The event kicks off a fourth season of Holocaust programming organized by the Holocaust and Human Rights Remembrance and Education department of Calgary Jewish Federation and presented by the Calgary Public Library in partnership with the Jewish Federation of Edmonton and the Edmonton Public Library.

The program is generously supported by the Isadore and Florence Burstyn Memorial Fund, the KSW Holocaust Education and Commemoration Endowment Fund, and donors to the Human Rights and Holocaust Education Fund at the Calgary Public Library Foundation. Click here to register.

There are other important dates to save for events taking place within the Alberta Jewish community.

The Calgary Jewish Federation Holocaust and Human Rights Remembrance and Education department and Calgary Public Library proudly present historian and New York Times-bestselling author Max Wallace at the Central Library on March 7 taking place at the Central Library in Calgary.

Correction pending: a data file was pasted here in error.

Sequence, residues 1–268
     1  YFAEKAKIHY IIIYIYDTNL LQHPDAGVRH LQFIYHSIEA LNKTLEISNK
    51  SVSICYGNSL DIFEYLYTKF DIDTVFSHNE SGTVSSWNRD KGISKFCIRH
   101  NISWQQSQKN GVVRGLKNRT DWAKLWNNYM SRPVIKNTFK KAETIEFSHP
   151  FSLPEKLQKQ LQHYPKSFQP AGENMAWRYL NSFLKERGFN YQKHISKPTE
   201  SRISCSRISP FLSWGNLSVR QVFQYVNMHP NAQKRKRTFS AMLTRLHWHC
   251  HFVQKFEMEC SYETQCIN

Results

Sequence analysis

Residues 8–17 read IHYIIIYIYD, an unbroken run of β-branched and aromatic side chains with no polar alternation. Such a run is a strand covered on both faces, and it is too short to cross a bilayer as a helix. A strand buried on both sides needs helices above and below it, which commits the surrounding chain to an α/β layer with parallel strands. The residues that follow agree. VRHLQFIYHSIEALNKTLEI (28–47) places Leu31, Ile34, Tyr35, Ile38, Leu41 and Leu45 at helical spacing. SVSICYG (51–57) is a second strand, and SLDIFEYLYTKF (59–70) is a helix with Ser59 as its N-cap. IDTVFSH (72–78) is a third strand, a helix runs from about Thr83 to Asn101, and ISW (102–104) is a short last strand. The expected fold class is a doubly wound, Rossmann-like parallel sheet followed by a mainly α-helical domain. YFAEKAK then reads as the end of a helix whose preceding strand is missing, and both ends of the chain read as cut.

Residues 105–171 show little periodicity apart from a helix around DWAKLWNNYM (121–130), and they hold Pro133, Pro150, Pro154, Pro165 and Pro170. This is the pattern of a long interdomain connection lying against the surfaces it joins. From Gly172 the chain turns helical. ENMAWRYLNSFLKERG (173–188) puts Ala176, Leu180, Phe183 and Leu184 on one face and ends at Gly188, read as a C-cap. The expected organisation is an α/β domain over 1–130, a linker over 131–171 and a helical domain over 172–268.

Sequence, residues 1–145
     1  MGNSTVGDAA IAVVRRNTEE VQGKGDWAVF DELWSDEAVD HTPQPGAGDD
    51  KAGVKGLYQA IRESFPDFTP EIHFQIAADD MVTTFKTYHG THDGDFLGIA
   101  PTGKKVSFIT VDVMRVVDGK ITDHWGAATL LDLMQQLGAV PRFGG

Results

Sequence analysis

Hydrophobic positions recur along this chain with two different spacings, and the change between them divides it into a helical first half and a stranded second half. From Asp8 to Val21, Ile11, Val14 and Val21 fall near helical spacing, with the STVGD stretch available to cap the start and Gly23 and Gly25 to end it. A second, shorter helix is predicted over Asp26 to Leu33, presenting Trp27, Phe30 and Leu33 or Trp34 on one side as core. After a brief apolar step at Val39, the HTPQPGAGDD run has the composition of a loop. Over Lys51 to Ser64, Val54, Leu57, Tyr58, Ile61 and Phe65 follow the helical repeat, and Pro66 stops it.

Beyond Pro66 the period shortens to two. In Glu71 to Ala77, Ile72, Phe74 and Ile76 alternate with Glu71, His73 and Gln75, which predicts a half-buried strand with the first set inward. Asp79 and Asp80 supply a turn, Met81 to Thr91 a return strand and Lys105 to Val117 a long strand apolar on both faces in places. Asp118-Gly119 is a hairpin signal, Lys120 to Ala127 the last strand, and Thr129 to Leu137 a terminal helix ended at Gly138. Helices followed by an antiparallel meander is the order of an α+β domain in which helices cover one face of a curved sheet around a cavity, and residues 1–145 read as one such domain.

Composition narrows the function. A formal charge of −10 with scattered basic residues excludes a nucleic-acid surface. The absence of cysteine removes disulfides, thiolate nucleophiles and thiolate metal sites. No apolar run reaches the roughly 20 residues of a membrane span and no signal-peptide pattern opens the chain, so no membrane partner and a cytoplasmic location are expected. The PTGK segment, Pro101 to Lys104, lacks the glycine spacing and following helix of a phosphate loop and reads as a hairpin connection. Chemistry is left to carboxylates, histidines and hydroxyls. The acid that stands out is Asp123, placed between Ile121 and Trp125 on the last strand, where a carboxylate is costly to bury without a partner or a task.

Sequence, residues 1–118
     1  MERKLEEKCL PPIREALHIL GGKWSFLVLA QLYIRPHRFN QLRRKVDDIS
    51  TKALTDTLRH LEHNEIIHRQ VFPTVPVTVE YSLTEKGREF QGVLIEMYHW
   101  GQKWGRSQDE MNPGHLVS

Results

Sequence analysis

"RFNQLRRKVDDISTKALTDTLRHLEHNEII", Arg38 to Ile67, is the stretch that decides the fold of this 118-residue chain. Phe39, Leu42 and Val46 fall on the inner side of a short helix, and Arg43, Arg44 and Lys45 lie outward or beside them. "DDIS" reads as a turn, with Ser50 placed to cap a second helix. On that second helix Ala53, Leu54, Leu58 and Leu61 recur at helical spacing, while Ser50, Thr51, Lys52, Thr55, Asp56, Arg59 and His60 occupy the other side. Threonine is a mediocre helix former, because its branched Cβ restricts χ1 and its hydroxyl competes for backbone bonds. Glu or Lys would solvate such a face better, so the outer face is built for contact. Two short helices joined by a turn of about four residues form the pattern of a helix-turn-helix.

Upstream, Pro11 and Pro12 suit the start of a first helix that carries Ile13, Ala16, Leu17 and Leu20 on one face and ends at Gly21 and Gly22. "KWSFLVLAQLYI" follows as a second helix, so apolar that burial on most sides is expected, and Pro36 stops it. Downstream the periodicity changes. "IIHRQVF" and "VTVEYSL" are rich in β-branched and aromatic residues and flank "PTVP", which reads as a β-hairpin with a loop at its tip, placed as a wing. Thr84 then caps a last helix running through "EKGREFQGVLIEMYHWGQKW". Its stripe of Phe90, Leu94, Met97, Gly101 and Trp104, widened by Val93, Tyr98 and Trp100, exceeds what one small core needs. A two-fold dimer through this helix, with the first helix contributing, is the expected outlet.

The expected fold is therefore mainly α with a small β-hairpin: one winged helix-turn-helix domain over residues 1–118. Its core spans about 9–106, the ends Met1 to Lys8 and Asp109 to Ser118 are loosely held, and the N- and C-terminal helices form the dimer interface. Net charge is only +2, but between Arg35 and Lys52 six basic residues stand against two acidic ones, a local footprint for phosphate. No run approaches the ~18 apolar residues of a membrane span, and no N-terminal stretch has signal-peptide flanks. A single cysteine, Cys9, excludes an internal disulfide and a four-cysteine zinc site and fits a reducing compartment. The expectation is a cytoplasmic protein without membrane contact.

Wallace, a Canadian, is the author of In the Name of Humanity: The Secret Deal to End the Holocaust.

“Wallace reveals an incredible story involving the secret negotiations of an unlikely trio—a former fascist President of Switzerland, a courageous Orthodox Jewish woman, and a Finnish osteopath—to end the Holocaust, aided by clandestine Swedish and American efforts. He documents their efforts to deceive Himmler, successfully prevent the extermination of hundreds of thousands of Jews during the last months of the Second World War, and thwart Hitler’s plan to take “every last Jew” down with the Reich. These are revelations that will help rewrite the history of the Holocaust and the Second World War.”